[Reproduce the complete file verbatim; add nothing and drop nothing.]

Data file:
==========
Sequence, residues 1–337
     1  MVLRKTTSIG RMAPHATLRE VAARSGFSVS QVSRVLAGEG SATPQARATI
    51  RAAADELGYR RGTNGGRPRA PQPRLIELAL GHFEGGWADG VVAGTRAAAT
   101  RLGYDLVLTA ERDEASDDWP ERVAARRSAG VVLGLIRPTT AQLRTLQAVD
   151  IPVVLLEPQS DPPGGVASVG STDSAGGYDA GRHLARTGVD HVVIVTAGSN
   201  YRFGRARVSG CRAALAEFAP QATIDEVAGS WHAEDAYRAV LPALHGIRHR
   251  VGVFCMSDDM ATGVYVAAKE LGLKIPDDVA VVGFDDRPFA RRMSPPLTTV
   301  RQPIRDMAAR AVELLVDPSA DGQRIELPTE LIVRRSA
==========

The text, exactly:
Sequence, residues 1–337
     1  MVLRKTTSIG RMAPHATLRE VAARSGFSVS QVSRVLAGEG SATPQARATI
    51  RAAADELGYR RGTNGGRPRA PQPRLIELAL GHFEGGWADG VVAGTRAAAT
   101  RLGYDLVLTA ERDEASDDWP ERVAARRSAG VVLGLIRPTT AQLRTLQAVD
   151  IPVVLLEPQS DPPGGVASVG STDSAGGYDA GRHLARTGVD HVVIVTAGSN
   201  YRFGRARVSG CRAALAEFAP QATIDEVAGS WHAEDAYRAV LPALHGIRHR
   251  VGVFCMSDDM ATGVYVAAKE LGLKIPDDVA VVGFDDRPFA RRMSPPLTTV
   301  RQPIRDMAAR AVELLVDPSA DGQRIELPTE LIVRRSA